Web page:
Forests provide us with shelter, food, fuel security, and water.
Around 80 percent of the world's land-based animal and plant
species are found in forests.

Trees also play a critical role in cleaning the air we breathe,
and function as the largest land-based storehouses of CO2. Only
oceans absorb more of the greenhouse gases that are changing our

When forests disappear, so do entire ecosystems. And this has
dire consequences for all of us.

Yet, despite all this, we keep chopping down more trees than grow
back, experts warn.

In 2017, the world lost 29.4 million hectares (72.6 million
acres) of tree cover — more than double the size of Germany. This
was only slightly down from the 2016 record of 29.7 million
hectares (73.4 million acres), according to new data by Global
Forest Watch.

"The numbers are not looking good," says Frances Seymour, forest
expert at the United States think thank World Resources Institute
(WRI), which oversees Global Forest Watch.

Forests are being cleared for soy, beef, palm oil, and other
globally traded commodities.

"Much of this clearing is illegal and linked to corruption," says

Natural disasters such as wildfires and tropical storms fueled by
climate change are also playing an increasing role in the loss of
forests, she adds.

The record numbers of 2016 were driven by wildfires — both set by
humans to clear land, and caused by hot temperatures and drought,
as well as through the weather phenomenon el Niño.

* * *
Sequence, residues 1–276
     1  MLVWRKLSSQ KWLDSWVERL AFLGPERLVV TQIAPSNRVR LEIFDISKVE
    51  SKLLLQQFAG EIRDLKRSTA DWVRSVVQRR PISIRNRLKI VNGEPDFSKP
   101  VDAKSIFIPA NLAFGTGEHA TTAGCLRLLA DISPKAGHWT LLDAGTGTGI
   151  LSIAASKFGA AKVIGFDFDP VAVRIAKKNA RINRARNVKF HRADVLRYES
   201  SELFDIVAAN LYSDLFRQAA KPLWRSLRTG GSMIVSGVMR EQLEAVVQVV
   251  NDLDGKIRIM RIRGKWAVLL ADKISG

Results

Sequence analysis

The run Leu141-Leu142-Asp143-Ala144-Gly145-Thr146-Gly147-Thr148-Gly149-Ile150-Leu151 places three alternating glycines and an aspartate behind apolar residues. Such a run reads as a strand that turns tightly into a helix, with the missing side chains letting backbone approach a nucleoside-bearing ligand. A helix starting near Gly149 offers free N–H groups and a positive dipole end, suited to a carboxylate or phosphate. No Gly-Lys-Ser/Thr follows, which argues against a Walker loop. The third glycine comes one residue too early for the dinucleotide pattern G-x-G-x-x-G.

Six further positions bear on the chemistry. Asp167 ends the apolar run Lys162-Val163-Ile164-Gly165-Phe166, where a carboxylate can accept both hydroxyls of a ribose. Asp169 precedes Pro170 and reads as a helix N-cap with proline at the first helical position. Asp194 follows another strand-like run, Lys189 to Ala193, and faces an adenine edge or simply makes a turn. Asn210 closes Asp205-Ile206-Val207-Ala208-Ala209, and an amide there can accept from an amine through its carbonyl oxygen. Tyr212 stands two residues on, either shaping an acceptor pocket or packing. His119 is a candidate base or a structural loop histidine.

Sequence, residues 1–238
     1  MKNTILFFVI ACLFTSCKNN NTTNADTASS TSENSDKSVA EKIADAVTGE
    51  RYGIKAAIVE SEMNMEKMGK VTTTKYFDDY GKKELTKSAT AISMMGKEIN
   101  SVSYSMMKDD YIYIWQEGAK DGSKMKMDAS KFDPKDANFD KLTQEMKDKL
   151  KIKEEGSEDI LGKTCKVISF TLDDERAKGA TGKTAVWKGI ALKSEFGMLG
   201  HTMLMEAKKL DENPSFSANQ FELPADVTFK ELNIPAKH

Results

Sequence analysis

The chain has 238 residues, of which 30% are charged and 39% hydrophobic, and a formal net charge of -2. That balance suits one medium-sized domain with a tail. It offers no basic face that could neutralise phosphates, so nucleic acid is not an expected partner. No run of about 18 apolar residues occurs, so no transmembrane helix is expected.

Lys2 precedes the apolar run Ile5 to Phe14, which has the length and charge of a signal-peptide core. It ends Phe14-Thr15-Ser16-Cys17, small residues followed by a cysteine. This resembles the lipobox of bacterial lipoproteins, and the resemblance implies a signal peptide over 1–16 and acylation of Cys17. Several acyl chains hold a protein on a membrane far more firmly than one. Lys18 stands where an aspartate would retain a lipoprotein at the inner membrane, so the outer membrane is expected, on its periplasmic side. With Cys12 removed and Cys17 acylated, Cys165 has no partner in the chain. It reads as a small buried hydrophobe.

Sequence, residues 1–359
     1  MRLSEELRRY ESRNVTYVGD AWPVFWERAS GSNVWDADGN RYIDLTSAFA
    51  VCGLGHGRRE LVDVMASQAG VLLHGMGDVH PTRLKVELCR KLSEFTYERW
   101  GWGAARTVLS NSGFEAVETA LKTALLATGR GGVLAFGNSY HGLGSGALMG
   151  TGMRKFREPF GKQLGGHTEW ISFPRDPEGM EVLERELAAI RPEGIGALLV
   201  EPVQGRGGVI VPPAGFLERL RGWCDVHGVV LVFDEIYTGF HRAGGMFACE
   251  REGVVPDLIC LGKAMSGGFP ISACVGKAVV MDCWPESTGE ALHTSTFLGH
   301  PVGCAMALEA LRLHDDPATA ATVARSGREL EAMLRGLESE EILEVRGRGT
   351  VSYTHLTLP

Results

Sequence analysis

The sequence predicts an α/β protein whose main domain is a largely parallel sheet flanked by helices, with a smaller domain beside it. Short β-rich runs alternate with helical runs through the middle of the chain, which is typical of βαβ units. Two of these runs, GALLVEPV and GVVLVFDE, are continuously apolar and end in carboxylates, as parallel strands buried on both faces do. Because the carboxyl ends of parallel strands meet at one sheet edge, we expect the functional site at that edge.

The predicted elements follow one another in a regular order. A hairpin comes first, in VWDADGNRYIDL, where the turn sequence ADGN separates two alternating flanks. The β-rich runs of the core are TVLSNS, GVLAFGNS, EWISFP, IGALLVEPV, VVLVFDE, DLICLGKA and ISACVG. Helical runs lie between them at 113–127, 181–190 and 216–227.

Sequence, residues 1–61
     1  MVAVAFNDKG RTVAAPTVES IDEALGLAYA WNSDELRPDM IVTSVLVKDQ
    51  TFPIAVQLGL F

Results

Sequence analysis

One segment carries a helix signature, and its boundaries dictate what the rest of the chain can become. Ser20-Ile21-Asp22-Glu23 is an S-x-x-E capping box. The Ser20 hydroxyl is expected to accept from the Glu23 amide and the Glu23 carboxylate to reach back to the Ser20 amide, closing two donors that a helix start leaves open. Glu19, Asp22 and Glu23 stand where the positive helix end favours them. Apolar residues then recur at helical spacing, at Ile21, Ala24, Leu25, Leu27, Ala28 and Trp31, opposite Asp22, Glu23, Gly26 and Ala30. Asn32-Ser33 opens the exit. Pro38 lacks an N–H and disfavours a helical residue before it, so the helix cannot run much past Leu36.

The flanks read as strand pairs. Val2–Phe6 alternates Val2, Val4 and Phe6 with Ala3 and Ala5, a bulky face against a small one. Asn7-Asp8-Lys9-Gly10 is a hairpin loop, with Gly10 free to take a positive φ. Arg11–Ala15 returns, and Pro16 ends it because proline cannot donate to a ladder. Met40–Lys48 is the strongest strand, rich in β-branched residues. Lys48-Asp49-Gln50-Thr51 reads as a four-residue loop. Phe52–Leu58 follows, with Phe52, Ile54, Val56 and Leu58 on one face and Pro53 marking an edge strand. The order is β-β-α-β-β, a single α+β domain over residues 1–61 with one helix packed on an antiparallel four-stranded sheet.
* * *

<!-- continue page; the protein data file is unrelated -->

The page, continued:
Forests vital to combatting climate change

Forests play a crucial role in the fight against global warming.
Trees absorb carbon dioxide, making forests a natural CO2 sink.

Deforestation destroys that natural CO2 removal. When fire is
used to clear land, that amounts to a double whammy, as this
blasts extra CO2 into the air.

For this reason, the international community needs to pay more
attention to forests, says Andreas Dahl-Jorgensen, deputy
director of Norway's International Climate and Forest Initiative.

"We simply won't meet the climate targets we agreed to in Paris
without drastic reduction in tropical deforestation and forests
around the world," he said.

This week, government officials, environmental organizations,
indigenous leaders and representatives of the industry are
meeting at the Oslo Tropical Forest Forum to discuss regulations
and incentives to reduce deforestation.

Continued ...

Shortwave Radiogram now changes to 8PSK-250F ...




RSID: <<2018-06-30T16:09Z 8PSK-250F @ 9400000+1500>>

This is Shortwave Radiogram in 8PSK-250F

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The goal of the conference is to identify remaining challenges of
the United Nations program "Reducing Emissions from Deforestation
and Forest Degradation" (REDD), which was founded in 2008.

The REDD framework allows developing countries to receive
compensation if they lower emissions by protecting their forests.

Critics say that the current financial support through REDD is
not enough to compete with strong market incentives to cut down

Seymour called climate finance for forest conservation has
averaging about $1 billion a year over the last decade "trivial"
in comparison to "a hundred times that money that is being made
available for agriculture and other investments that put forests
at risk."

Environmental and development groups are seeking a committment
from stakeholders at the Oslo Tropical Forest Forum for more
money for the program, and to convince companies to stop buying
products grown on recently deforested land.

Tropical forests disappearing

Global Forest Watch detected that especially tropical forests
continue to be chopped down. In 2017, 40 football fields of
tropical tree cover were destroyed - every minute.

The Democratic Republic of Congo, where part of the world's
second-largest rainforest is located, saw a record tree cover